Eurobites: Telcos still not happy about being US tech giants' beasts of burden

Also in today's EMEA regional roundup: Deutsche Telekom tests hybrid 5G; Telefónica chosen by SMCP for SD-WAN and more; A1 Telekom Austria and the BBC snuggle up.

  • In what has the feeling of déjà vu all over again, the heavy-hitters of European telecom – Deutsche Telekom, BT, Vodafone and Orange among them – have issued a joint statement demanding that US tech giants be made to bear some of the costs of network development because they use said networks so extensively to make their gazillions of dollars of profits. As Reuters reports, the statement named no names, but the likes of Netflix, Google and Facebook are undoubtedly who the disgruntled telecom CEOs had in mind. The current state of affairs, say the bigwigs, "can only be sustainable if such big tech platforms also contribute fairly to network costs." The CEOs also pointed the finger at the high cost of spectrum auctions, adds the report, complaining that such auctions served to artificially push "unsustainable" new entrants into the market.

  • Deutsche Telekom is launching a field test for "hybrid 5G," whereby 5G will be available free of charge as an add-on option to existing fixed network rates. The test, which will be carried out by 800 lucky households through until August 2022, will be based on a Speedport Smart 4 WLAN router, which becomes hybrid-capable in combination with a weatherproof 5G receiver.

  • In a separate announcement, the German incumbent says it has become an Amazon Web Services "Premier Consulting Partner," which, in AWS cloud terms, means it's the bee's knees, apparently. To qualify for this accolade, companies must have a proven track record of consulting and supporting the development, architecture, build, migration and operation of their applications on AWS.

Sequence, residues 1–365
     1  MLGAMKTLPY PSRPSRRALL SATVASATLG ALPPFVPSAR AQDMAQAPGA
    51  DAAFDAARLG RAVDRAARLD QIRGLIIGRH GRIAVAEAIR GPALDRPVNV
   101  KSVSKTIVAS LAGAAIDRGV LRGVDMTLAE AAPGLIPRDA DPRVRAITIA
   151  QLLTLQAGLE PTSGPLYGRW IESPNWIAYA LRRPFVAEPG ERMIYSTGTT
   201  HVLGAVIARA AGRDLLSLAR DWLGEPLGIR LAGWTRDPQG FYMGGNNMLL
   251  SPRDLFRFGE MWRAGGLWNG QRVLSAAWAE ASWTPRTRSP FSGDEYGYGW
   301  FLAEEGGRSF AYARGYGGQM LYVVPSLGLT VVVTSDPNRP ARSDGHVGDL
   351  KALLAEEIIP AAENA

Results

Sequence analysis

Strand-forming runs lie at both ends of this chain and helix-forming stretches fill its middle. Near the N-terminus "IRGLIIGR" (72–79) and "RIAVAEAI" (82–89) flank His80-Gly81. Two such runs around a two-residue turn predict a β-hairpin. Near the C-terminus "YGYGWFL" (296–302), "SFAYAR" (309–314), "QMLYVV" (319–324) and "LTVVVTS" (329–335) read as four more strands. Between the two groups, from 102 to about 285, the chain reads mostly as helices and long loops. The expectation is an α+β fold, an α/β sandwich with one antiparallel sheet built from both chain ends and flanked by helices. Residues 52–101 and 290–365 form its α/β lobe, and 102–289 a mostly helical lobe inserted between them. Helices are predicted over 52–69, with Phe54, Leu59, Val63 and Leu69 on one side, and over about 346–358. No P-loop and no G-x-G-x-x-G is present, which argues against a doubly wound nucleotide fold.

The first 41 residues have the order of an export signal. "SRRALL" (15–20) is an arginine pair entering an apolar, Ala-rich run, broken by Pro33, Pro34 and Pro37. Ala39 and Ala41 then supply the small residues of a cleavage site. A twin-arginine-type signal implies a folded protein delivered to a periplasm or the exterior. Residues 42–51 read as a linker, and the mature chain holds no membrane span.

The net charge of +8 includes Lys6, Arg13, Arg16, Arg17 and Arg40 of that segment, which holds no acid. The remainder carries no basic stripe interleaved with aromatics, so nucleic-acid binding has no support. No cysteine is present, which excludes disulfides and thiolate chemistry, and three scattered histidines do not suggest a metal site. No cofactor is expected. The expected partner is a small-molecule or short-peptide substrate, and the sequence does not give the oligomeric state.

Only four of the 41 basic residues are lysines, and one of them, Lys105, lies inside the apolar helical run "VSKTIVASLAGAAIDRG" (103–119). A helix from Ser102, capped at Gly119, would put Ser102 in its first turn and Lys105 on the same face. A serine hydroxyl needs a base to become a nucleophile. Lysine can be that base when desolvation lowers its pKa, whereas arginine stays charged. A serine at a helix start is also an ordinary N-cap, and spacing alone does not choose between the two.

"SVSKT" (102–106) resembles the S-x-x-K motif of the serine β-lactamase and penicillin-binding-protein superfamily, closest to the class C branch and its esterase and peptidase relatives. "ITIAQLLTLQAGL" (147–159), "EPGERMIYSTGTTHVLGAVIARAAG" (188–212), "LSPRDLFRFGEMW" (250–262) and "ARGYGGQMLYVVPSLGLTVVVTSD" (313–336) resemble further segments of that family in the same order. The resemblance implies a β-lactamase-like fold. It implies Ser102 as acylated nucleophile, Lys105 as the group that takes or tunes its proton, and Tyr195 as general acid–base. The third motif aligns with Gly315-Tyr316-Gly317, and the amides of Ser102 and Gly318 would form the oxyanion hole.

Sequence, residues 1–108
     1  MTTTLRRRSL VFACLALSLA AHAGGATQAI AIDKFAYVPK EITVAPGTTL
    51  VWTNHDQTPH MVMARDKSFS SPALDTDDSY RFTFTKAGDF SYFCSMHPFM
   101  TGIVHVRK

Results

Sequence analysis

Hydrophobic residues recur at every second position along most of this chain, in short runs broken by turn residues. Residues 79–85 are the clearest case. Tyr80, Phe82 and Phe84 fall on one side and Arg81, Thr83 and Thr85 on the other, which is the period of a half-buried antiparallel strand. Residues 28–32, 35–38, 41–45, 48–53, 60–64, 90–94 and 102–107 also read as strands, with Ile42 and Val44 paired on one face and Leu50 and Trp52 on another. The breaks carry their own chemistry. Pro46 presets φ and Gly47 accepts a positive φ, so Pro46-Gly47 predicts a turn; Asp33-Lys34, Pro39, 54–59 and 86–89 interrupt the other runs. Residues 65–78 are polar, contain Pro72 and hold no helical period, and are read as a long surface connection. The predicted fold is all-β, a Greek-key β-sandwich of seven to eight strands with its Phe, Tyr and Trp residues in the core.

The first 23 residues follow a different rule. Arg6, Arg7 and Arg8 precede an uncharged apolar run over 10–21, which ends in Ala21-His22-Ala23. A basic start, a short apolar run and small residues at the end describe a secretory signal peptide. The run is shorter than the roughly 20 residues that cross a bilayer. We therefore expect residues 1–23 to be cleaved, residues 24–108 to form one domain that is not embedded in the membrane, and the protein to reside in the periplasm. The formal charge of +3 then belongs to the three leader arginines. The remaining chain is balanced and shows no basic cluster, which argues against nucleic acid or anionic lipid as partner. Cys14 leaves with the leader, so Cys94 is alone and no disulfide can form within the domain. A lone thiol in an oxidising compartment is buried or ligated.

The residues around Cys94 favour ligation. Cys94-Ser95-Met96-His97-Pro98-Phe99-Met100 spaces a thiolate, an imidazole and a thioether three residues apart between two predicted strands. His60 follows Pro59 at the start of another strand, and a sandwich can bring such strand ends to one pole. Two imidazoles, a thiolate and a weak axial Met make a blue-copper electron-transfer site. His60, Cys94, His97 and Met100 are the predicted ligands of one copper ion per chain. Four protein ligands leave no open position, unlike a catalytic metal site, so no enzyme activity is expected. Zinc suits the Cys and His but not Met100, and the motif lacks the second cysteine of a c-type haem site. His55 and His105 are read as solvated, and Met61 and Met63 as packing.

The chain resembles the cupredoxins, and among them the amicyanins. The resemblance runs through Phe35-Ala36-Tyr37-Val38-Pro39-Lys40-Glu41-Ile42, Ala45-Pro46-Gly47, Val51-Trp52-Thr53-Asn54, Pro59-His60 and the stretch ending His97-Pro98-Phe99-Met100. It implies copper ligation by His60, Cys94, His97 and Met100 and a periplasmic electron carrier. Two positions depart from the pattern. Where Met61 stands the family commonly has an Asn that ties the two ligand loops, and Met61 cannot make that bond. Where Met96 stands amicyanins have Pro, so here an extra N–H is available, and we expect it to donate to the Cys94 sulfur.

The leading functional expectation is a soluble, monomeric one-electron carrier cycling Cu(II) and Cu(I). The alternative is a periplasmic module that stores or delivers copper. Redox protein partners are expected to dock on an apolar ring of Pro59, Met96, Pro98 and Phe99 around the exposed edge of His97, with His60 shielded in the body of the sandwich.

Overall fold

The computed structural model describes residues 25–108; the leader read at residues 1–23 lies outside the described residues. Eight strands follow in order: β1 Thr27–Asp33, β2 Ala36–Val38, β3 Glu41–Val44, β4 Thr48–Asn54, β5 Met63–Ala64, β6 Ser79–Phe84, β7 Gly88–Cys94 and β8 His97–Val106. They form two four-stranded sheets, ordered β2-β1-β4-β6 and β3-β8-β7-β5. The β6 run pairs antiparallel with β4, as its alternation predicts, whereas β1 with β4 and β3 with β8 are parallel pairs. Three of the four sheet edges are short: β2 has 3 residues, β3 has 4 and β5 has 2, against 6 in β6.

• Fashion firm SMCP has chosen Telefónica to modernize its European network with the deployment of a "full IP" infrastructure. The upgrade should improve SMCP's WAN and voice services in its 900 shops across 14 European countries.

  • Sweden's Agama Technologies has teamed up with Antecna to put in place video monitoring and analysis software for Bosnian operator M:tel. The software will keep an eye on both live TV channels and video-on-demand streams. Dashboards will be involved.

  • Kenyan radio station NRG has launched BeMobile, a new MVNO aimed at the youth market. Underpinned by X-Mobility's AppVNO platform, BeMobile offers international numbers (UK, US and Canada) on customers' existing handsets and free peer-to-peer calls, among other things.

  • A1 Telekom Austria Group has widened the scope its cooperation agreement with the BBC, extending distribution deals for the existing BBC Earth and BBC First channels on the A1 pay-TV platforms until 2025 and establishing a partnership that will see A1's broadcasting division providing technical satellite services for the BBC in the central European region.

  • Africa Data Centres has opened a new 10-megawatt facility in Lagos, Nigeria, which the company says will pave the way for "hyperscale" customers to roll out digitization offerings in the region. The new data center is the first of four being planned for Nigeria.

  • Polish mobile operator Play has turned to Allot, the Israel-based software company, to enhance the cybersecurity of its more than 15 million customers. Two Allot products will be used: Allot Secure and NetworkSecure.

    — Paul Rainford, Assistant Editor, Europe, Light Reading

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